November 13, 2008

New Pajamas Media Column (‘The Ad Age President Who ‘Killed Election Day”) Is Up

It’s here.

The subheadline at PJM is:

A Madison Avenue-style campaign and an alteration of traditional voting procedures ensured victory for Obama.

Key paragraph:

“Early voting” failed to increase turnout. So what was the point? Aside from enabling open and obvious vote fraud (how widespread we’ll never know), the point was to get as many Obama fans to cast their ballots before something came along — including, even in the absence of new information, the sober reflection many voters actually engage in during the final hours before Election Day — to change their minds.

It will be posted in full here at BizzyBlog on Saturday (link won’t work until then) after blackout expires.

DC Auto Bailout Ideas Involve US Equity Stakes, Turn into an Early Christmas Tree

Can I have permission to utter the S-word (“socialism”)?

Ken Thomas’s Associated Press report today (link is dynamic, subject to change, and will probably be gone in a week) on auto industry bailout ideas emanating from Washington includes these items, all of which expand soc- … soc- … socialism:

  • Legislation proposed by Barney Frank involves the government taking ownership stakes in the companies.
  • Lawmakers want to use funds that were meant only for the financial sector bailout.
  • A note that the current bailout is over and above the $25 billion in government-guaranteed loans that has already been approved for “development of fuel-efficient vehicles.”
  • News that auto industry suppliers want in on the bailout action
  • The United Auto Workers wants a separate $25 billion “to help cover future health care obligations for retirees and their dependents.”

Are we having fun yet?

Here are key paragraphs from the AP story:

Democrats at work to tap bailout for automakers

Congressional Democrats are marshaling support for a rescue package to pump $25 billion in emergency loans to U.S. automakers in exchange for a government ownership stake in Detroit’s car companies.

Rep. Barney Frank, D-Mass., chairman of the House Financial Services Committee, and Sen. Carl Levin, D-Mich., are developing legislation that would let the auto industry tap into the $700 billion Wall Street rescue money, approved by Congress last month, to fund their business operations.

….. Treasury Secretary Henry Paulson said Wednesday that the auto sector was “critical” but that the financial industry rescue was not designed for car companies.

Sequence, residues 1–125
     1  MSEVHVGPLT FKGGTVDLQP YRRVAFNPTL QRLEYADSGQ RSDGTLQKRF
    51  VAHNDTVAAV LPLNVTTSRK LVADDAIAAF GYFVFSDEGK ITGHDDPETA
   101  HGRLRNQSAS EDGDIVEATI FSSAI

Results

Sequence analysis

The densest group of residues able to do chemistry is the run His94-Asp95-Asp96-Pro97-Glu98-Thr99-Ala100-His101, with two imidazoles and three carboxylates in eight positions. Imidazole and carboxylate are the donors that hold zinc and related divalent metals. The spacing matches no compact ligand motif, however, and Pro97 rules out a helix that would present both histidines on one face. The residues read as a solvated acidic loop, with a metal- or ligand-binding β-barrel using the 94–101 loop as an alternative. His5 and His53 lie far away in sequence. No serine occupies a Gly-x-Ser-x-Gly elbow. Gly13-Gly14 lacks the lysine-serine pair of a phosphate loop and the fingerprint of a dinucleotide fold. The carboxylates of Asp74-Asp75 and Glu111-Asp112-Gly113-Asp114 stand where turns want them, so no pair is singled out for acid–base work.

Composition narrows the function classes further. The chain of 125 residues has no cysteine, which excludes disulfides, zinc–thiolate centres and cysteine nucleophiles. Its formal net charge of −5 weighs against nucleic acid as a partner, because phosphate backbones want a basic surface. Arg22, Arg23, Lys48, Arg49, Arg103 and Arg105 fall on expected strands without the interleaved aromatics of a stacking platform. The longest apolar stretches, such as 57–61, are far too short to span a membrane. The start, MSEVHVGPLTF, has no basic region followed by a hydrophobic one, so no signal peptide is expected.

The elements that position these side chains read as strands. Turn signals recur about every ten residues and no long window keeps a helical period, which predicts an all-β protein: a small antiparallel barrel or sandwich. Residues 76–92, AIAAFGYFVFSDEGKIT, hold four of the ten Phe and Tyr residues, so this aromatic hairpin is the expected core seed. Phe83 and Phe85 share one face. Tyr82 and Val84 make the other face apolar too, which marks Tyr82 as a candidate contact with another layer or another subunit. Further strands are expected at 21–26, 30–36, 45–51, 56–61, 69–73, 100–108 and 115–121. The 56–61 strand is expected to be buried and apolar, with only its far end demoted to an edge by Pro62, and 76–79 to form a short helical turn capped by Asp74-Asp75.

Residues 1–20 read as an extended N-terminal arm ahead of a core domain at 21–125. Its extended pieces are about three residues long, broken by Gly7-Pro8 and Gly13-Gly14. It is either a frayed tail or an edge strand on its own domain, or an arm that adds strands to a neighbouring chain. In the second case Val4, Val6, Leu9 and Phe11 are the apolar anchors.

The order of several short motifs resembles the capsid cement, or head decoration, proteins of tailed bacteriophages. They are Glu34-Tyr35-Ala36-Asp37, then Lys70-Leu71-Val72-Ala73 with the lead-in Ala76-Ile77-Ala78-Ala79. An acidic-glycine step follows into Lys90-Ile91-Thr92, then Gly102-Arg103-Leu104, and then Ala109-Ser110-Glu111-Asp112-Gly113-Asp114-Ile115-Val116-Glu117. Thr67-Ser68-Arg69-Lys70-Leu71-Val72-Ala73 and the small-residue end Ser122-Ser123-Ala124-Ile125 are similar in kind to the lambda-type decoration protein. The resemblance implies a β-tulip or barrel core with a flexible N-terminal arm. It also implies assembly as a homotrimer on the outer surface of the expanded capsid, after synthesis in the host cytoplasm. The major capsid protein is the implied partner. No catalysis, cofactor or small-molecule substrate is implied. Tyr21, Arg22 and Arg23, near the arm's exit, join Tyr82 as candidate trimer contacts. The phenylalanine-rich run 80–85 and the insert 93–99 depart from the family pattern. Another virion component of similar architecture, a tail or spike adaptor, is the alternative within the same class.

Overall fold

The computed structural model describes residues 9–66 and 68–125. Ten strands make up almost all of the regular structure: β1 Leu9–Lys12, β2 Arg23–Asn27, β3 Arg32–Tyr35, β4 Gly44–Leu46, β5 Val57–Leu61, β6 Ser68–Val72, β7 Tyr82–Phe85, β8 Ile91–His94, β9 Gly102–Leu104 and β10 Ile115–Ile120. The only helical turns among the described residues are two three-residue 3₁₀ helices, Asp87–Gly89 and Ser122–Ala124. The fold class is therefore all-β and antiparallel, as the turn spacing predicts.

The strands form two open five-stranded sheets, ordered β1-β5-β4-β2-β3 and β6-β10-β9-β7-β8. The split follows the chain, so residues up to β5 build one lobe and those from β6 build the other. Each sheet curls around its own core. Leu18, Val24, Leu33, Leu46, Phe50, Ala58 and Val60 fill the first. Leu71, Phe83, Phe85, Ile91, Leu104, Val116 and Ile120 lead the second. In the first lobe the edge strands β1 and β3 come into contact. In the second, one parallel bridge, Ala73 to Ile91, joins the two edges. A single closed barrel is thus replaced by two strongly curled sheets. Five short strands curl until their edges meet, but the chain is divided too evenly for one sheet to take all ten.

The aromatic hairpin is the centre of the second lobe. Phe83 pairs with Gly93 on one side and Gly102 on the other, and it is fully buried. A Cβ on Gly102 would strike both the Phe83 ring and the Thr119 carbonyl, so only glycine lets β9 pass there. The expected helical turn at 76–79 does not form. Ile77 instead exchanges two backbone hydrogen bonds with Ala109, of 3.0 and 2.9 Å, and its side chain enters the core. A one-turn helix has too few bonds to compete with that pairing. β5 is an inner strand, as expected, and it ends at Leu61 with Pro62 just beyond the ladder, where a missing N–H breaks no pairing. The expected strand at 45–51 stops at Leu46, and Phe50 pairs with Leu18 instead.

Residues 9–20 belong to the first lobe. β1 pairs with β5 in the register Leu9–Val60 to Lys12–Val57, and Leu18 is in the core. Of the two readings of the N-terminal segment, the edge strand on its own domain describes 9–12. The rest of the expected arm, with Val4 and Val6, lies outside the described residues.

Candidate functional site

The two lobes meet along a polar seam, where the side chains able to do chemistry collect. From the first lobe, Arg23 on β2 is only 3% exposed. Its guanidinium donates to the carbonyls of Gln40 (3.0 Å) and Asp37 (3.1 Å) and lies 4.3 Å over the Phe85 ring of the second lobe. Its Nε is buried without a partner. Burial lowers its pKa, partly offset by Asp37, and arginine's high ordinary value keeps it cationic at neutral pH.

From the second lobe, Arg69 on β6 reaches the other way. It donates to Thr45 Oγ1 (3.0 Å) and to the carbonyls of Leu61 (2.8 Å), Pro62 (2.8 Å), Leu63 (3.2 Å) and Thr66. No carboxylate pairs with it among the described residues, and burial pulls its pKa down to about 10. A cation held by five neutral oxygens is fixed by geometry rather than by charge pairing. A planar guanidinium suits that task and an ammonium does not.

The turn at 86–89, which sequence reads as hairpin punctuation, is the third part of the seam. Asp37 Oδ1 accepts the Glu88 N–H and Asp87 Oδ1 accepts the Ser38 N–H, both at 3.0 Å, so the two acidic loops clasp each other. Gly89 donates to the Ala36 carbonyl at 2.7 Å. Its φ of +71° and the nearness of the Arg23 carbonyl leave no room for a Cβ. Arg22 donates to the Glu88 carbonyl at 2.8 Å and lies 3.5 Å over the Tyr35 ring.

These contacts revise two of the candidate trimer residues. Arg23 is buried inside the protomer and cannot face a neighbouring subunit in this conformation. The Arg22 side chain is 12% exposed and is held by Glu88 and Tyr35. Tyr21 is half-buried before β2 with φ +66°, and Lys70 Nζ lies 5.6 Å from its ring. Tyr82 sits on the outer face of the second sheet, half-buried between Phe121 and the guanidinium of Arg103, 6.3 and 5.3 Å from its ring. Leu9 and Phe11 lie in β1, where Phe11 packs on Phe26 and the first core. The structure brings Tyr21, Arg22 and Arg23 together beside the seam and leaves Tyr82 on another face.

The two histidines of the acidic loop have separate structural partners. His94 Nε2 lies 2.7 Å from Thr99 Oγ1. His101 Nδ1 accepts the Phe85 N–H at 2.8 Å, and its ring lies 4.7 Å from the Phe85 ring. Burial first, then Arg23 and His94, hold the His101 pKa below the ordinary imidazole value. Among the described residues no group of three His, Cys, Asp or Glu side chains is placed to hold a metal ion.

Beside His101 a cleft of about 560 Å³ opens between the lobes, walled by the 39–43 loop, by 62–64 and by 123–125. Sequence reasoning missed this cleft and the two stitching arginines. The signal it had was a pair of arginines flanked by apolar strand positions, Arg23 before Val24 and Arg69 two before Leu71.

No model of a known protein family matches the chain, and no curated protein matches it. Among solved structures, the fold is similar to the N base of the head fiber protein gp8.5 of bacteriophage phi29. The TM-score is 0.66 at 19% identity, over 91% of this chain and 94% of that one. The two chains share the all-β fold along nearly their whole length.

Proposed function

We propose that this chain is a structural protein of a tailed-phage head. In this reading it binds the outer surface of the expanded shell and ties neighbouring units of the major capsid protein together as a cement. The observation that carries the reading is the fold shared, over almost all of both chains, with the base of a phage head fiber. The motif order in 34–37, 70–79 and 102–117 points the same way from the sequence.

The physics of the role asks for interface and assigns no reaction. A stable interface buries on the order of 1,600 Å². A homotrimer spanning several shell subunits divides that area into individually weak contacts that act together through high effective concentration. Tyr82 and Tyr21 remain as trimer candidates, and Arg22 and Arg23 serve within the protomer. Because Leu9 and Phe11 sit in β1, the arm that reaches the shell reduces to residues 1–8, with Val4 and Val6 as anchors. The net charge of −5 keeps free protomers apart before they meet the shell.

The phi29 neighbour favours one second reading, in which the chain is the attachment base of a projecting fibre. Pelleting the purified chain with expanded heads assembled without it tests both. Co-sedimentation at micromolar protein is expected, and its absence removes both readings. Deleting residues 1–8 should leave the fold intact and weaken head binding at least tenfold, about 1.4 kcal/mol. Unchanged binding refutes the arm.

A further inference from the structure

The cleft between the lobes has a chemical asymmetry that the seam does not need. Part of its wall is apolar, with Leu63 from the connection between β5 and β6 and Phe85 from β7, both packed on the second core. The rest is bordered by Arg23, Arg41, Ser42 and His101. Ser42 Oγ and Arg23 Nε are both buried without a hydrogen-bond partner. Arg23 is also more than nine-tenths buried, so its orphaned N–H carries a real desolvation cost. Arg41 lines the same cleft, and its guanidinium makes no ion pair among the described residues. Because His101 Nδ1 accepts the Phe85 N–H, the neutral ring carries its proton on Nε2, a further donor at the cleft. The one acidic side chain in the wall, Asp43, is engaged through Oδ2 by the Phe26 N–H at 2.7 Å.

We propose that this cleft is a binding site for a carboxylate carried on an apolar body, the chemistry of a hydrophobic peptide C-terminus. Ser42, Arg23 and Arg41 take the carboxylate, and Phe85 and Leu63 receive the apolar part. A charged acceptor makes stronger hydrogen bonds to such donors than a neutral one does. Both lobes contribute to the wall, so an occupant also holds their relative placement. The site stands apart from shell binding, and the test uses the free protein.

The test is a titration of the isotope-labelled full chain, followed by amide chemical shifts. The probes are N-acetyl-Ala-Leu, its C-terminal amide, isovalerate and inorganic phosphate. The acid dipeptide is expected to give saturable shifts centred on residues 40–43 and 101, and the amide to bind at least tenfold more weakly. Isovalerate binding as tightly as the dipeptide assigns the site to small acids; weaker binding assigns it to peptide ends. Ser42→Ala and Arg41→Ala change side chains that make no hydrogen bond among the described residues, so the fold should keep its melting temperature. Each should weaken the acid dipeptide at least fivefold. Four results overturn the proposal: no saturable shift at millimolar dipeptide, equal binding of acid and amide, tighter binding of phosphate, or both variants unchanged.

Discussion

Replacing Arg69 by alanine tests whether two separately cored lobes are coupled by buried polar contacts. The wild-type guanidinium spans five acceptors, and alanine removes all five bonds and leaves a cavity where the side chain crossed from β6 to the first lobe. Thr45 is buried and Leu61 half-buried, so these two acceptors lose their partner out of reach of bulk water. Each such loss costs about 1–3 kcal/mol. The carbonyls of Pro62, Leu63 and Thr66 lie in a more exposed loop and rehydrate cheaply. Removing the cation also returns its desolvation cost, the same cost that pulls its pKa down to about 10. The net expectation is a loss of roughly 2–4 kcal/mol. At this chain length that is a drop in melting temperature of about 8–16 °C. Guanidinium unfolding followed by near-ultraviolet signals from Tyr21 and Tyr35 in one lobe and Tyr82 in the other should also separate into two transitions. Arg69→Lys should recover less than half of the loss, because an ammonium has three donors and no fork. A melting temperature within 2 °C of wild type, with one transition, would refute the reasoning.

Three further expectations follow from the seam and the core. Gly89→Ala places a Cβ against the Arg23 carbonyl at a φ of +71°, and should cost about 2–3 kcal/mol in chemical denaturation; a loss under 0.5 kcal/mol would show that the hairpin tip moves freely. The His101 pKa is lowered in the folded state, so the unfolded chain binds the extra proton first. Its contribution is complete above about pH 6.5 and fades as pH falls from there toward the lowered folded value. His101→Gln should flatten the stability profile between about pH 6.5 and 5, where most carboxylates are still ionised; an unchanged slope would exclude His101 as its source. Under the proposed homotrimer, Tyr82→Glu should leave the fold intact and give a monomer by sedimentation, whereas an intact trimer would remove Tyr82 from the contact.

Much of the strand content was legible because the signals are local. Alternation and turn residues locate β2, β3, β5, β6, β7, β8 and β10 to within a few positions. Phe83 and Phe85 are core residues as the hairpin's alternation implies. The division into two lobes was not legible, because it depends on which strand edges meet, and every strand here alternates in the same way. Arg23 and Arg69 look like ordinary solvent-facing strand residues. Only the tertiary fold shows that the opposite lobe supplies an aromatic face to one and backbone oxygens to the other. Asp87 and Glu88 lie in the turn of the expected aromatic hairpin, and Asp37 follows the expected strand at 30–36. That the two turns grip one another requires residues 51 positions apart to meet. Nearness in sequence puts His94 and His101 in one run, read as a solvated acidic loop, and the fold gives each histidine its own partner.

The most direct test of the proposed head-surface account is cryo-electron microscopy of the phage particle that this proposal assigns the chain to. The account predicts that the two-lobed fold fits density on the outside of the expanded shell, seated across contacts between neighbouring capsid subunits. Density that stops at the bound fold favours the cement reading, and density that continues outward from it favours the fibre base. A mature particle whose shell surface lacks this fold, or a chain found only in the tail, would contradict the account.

….. Senate Republican leader Mitch McConnell of Kentucky, which is home to two Ford Motor Co. plants, was noncommittal about additional aid. In a statement, his spokesman said Congress should move to speed the release of a $25 billion loan program passed earlier to help the carmakers develop fuel-efficient vehicles

…. Frank’s legislation would carve out a portion of the $700 billion financial rescue program for the Big Three automakers, letting the government take an equity stake in them in exchange for the loans. ….

….. The car companies would face tougher restrictions on awarding pay packages to executives and dividends to their shareholders than the financial companies that get a piece of the original bailout.

Auto executives, labor leaders and other industry proponents are seeking an immediate $25 billion loan to keep the companies operating. Union officials are also hoping for a separate $25 billion to help cover future health care obligations for retirees and their dependents.

Beyond the car companies, lawmakers may hear from a broad coalition of manufacturers seeking aid. Auto suppliers, which carry a wide manufacturing presence in Michigan, Indiana, Missouri, Ohio, Tennessee and Illinois, are seeking a piece of the rescue.

An AP story yesterday evening, blogged earlier today at NewsBusters and BizzyBlog, at least mentioned, though barely, the high labor cost structure that has been a millstone around the companies’ necks for decades. This AP report has not a word.

As to Barney Frank’s ownership proposal — Fannie Mae and Freddie Mac, which Frank and his mostly Democratic colleagues allowed to fester to the point where they wrecked the economy, are known to the Wall Street Journal and yours truly as ” Barney’s Rubble” for a good reason. It is beyond me why we should rely on the Massachusetts congressman for financial advice on assisting troubled companies.

The $25 billion the UAW wants for future health care obligations has to do with the fact that it now runs its retirees’ health care. All that $25 billion will do is keep the union from imposing necessary cost-control measures on a retiree group long used to gold-plated coverage. The money won’t do a thing to develop or build a single car.

Thomas’s AP report also failed to note that:

  • The Treasury bailout, which was supposedly meant to buy up troubled assets, has instead largely been used to buy equity stakes in financial companies. This UK Times Online story reports that Paulson has now completely abandoned buying troubled assets.
  • As the beggars continue to line up and lobby hard, that same UK Times story reports that Paulson has already gone through all but $60 billion of the first $350 billion installment of the $700 billion bailout.

Soon the list of those who have not been bailed out may shorter than the list of those who have.

Cross-posted at

AP’s Auto Bailout Coverage Nearly Ignores Excessive Labor Costs, Omits UAW’s Concessions Refusal

Wednesday evening’s dour Associated Press report by Tom Krisher and Ken Thomas on the proposed bailouts of General Motors, Ford, and Chrysler acted as if their fates will determine the viability of the entire US auto industry, and waited until the 15th paragraph to name the primary reason why the companies are where they are financially. Beyond that, the AP report did not mention that United Auto Workers has flatly ruled out union contract concessions.